Rex Ballard wrote:
> On Feb 6, 7:34 pm, Snit <c...@xxxxxxxxxxxxxxxxxxxxx> wrote:
>> Roy Schestowitz stated in post 2188929.sRUGFt5...@xxxxxxxxxxxxxxx on
>> 2/6/09 5:19 PM:
>> > ,----[ Quote ]
>> > | Like cake, Linux is a mixture of ingredients. You can mix and match
>> > | those ingredients to achieve your desired result. As in making a
>> > | cake, how well your Linux turns out depends on your experience or
>> > | ability to follow a
>> > recipe
>> > | or instructions.
>> In a cake you get a mix... each bite is the same, though one might have a
>> bit more crust than the other.
>> Linux is more like a salad: each bite is different... you can create some
>> basic similarity with a dressing (window dressing with Linux), but each
>> item is still quite different.
> Linux is more like a salad bar. Lots of different options available,
> but it's unlikely that you will want a bowl that contains every
> available ingredient because even small amounts of each would still
> fill the so full you couldn't possibly eat it in one sitting. On the
> other hand, each time you come back, you can get different choices.
>> With a salad this is fine... the tool you use to each the salad,
>> generally a
>> fork, stays consistent. But with Linux the very tool you use is like the
>> salad... calling the tool to your attention instead of the work. That is
>> to the detriment of the user.
> This argument has rapidly falling apart. People have had the chance
> to actually see Linux, pre-installed, by the manufacturer, on sub-
> notebooks, and have found that it's not that hard to use. They may
> not be able to put together a full plate of salad with all of the
> possible ingredients, but they can start with a really nice selection.
> Microsoft's greatest terror has been that people would actually find
> out how Linux has been to use.
That sounds like a battle between nerds and marketing plops.
A battle that marketing plops will loose once the word gets out
and money starts rolling in.
Sounds to me techies need to got out there and slaughter a few
marketing plops to defend better technology and bring home the money.
> Even the WinTrolls have focused on the
> difficulty of installation and configuration for the last decade,
> because the reality is that Linux has ALWAYS been easier to use once
> it's been installed. This has been true since the days when Soft
> Landings Systems (SLS) Linux offered the capabilities of a $30,000 Sun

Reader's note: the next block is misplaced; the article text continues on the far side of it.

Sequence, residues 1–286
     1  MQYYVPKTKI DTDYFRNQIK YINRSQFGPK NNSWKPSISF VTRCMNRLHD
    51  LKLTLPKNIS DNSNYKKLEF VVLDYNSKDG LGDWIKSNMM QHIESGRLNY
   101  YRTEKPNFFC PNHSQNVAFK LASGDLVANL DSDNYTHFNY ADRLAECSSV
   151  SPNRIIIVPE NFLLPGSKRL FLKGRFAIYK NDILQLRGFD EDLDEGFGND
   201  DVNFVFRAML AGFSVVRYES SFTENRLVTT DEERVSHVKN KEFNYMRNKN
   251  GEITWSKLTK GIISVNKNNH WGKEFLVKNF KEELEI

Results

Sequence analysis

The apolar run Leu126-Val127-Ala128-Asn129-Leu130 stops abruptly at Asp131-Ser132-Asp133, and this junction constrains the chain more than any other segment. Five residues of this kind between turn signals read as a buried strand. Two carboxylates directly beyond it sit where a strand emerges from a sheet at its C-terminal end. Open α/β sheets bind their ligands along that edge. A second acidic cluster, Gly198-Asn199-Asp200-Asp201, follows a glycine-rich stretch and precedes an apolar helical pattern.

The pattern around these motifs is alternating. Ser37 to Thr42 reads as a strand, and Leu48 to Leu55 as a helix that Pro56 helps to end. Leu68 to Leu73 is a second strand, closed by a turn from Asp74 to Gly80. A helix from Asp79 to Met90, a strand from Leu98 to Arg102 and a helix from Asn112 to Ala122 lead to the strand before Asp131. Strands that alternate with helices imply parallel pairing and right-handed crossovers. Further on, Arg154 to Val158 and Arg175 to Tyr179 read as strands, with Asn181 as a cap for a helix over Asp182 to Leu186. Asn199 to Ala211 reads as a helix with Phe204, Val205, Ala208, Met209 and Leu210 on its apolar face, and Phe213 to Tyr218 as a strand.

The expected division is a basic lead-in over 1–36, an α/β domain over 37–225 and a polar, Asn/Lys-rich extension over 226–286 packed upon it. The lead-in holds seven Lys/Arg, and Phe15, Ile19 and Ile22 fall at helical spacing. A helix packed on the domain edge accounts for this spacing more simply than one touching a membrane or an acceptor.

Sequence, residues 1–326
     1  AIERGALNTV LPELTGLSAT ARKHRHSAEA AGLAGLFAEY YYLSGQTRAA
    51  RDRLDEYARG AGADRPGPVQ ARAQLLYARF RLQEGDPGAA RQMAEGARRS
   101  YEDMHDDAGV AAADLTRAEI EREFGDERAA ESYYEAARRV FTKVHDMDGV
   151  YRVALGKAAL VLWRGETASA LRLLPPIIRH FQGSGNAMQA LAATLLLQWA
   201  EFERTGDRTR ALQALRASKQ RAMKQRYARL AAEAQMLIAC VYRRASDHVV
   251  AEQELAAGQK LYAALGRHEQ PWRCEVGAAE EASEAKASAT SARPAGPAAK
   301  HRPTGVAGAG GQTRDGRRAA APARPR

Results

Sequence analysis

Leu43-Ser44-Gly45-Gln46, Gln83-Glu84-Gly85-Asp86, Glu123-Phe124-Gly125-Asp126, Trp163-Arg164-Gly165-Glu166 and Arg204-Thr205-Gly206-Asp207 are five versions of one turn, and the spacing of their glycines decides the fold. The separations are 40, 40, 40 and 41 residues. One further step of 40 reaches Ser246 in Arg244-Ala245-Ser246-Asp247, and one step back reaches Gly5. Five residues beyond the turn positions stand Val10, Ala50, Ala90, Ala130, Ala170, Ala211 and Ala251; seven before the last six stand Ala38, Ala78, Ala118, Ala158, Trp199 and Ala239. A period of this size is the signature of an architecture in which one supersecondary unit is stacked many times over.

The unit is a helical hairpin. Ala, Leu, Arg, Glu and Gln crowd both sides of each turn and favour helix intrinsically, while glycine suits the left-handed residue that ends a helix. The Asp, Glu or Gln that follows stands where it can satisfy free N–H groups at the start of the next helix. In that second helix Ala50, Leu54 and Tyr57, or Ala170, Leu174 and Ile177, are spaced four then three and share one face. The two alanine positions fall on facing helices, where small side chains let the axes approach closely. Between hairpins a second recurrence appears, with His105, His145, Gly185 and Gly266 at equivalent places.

> SparcStation on a 2 year old PC that cost less than $1000 new.
> Linux has always been more secure, more reliable, more stable, and
> industry standards compatible, than Windows. Linux/Unix has had
> thousands of applications for decades, most of which would blow away
> anything Microsoft has offered during the same time frames (of course
> most of them were very expensive too, and are only recently available
> at reasonable cost).
> Look at what has happened in the server market. IBM, Oracle, CA,
> Sybase, Rational, Sun, Apple, DreamWorks, all putting their software
> technology on Linux, because they see the value and the power of
> Linux. Linux is even taking huge chunks of the Windows Server market.
> When (not if) Linux DOES show up on the retail store shelves, fully
> operational and fully functional, on netbooks, notebooks, and desktop
> machines (which may look MUCH different than today's Microsoft PCs.
> They might look more like linksys routers. A few USB ports, a pair
> of SDHC slots, an Ethernet port, and an HDMI port.
> One would be an X11 Display controller with WiFi access, the other
> would be connected to the keyboard and mouse and connected to the
> display via WiFi. The external USB disks could be on either unit, and
> both could run with 1 gig of RAM (which is HUGE for Linux). Remember,
> both itty bittty boxes are fully functional Linux systems. They could
> even be IDENTICAL boxes, but one would be plugged into the video, and
> the other would be plugged into the keyboard and mouse.